love story which very well might make a great movie… but not
by today’s exposé standards. Two people with a dream
and a commitment. A period of time, which evolved into a special space
of learning and growth, of opportunity and unique vision, of superlative
talent and accomplishment...
The eternal, legendary love stories don't depend on sensationalism.
The eternal love story is based on a deep understanding, a concern
and, perhaps even spirituality. Those lucky enough to experience it
can't imagine anything else but those that never have can only imagine...
What does all that have to do with a jazz record label? That lifestyle
setting is a facet of the name and the original direction of 90th
Floor Records. A man and a woman that came to Dallas in the mid-50's
brought unique talent with them and that story may well be told sometime
in the future.
Bruce Collier and friend Jim Thompson discovered, as did so many
others, the unusual talent and atmosphere that emanated from the warehouse
turned nightclub just north of downtown Dallas. In a very short time
The 90th Floor became a beacon for so many that could experience only
the best and likewise would settle for nothing less. The likes of
Tony Bennett, Sylvia Simms, Marlene Dietrich, Burgess Meredith and
others made The 90th Floor a must do regardless of proximity –
travel made plans might even be adjusted so that they could be in
attendance as they felt the need.
Collier heard the talent of owners Dick and Kiz Harp and with their
permission began a nightly recording program. The initial idea was
partially based on “…would you mind if we record you?
We won’t try to sell anything…” to “…we
have some pretty good stuff… if we can put together a label,
would you go along with us and let us become an independent jazz label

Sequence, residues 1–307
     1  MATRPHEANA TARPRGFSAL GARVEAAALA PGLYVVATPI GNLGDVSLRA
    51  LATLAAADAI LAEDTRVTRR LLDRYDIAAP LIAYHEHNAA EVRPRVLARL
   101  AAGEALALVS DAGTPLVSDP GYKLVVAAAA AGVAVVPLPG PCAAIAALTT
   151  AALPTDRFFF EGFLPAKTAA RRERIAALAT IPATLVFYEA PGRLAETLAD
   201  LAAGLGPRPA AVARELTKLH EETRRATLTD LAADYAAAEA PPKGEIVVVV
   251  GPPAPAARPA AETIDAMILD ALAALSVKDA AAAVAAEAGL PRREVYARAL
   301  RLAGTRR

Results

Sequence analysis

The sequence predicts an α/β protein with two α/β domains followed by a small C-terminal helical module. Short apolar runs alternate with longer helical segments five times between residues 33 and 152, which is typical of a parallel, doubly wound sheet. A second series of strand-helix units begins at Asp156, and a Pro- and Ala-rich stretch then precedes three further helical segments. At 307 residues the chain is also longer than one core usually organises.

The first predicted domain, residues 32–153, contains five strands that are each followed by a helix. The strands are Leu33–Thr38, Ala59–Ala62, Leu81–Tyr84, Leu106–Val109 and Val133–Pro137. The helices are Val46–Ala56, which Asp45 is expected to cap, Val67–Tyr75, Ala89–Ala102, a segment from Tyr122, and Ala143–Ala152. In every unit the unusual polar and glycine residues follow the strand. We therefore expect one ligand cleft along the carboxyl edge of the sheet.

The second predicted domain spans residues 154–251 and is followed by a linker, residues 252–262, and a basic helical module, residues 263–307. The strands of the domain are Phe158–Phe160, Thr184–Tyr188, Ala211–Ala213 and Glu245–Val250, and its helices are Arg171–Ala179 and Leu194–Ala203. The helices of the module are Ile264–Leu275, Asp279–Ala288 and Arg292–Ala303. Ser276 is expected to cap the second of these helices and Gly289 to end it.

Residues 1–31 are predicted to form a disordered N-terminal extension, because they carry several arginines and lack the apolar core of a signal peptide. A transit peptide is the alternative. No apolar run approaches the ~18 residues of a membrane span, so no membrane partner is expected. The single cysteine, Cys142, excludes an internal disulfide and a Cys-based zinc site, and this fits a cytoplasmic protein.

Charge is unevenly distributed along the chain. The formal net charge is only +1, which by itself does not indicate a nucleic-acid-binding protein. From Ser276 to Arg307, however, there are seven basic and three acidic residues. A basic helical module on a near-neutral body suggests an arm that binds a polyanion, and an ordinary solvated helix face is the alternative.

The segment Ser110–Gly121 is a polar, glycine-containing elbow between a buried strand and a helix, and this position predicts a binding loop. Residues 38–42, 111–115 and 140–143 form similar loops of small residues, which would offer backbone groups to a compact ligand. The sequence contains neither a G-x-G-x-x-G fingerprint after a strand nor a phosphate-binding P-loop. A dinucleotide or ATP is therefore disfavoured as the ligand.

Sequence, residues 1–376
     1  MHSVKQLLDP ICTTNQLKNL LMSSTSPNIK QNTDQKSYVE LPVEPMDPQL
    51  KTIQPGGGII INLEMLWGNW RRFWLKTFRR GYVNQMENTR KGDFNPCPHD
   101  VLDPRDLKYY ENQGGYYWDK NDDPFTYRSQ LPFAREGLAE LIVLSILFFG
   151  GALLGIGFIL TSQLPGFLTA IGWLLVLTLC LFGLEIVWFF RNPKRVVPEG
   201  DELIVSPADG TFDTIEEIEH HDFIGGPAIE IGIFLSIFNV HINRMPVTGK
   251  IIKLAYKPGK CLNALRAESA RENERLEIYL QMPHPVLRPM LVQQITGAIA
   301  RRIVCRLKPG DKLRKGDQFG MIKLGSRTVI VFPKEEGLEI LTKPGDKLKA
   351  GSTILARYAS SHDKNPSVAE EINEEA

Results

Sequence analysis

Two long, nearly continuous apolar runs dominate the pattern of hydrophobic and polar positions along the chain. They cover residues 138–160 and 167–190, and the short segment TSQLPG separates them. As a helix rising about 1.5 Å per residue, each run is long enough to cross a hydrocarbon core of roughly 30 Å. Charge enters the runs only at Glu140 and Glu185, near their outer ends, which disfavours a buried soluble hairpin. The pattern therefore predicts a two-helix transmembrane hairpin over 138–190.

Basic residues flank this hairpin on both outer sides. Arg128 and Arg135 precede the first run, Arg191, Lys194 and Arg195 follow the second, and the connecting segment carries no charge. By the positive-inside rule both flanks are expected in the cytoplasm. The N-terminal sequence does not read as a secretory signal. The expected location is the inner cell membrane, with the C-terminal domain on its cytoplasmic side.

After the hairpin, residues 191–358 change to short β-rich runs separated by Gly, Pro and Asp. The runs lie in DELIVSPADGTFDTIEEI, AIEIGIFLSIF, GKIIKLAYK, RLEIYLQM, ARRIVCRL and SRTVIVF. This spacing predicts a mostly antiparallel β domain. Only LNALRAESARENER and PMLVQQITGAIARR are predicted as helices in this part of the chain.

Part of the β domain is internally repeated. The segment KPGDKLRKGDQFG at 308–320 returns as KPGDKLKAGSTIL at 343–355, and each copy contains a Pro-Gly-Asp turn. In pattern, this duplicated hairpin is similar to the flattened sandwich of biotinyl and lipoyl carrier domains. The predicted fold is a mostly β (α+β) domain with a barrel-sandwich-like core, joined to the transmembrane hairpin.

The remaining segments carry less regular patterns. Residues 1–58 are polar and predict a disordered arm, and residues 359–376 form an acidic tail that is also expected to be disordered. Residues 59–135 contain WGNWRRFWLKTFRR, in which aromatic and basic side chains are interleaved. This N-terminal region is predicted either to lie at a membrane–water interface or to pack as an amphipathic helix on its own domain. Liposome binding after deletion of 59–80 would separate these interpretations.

with Dick and Kiz the initial launch…?” Dick Harp said
that they had been approached by several labels, RCA and Mercury to
name a few, but “…everyone wants to make us into something
else… they want to add strings and horns and…”
So the simple and clean approach offered by Collier and Thompson
seemed a good alternative. At that point, however, Thompson left,
deciding to get his Viet Nam obligation out of the way. A company
was formed, Sound Lab Ltd., which was the parent company of 90th Floor
Records. In addition, two key people became involved with the start
of the new company, Bob Walcher and Mike Michaelis, who would be involved
in both business and packaging of product. A recording studio built
actually in the same building as The 90th Floor, behind the club and
facing another street. Negotiations continued as the studio began
to develop some alternatives to the sound of Dick and Kiz. In addition,
work began on an album that would initiate additional exposure to
another segment of jazz indigenous to the north Texas area. An agreement
was struck between Leon Breeden, new – at the time – head
of the North Texas State jazz department. The program itself was relatively
new and only fairly well known nationally although those that should
know, Stan Kenton, Woody Herman and others of the same genre, were
very excited about the talent offered and funneling from Denton, Texas.
Promotion for the 90th Floor label offered exceptional results. Billboard
magazine and Cash Box both reviewed and endorsed the Dick and Kiz
album. Down Beat, jazz “bible” for those that would check
the pulse of “the only true American music art form,”
then and today, gave the new North Texas album with cover notes by
Stan Kenton, four and a half stars out of a possible five. With other
schools beginning similar educational programs, that review spoke
well of the project and the talent featured on the album.
^ t o p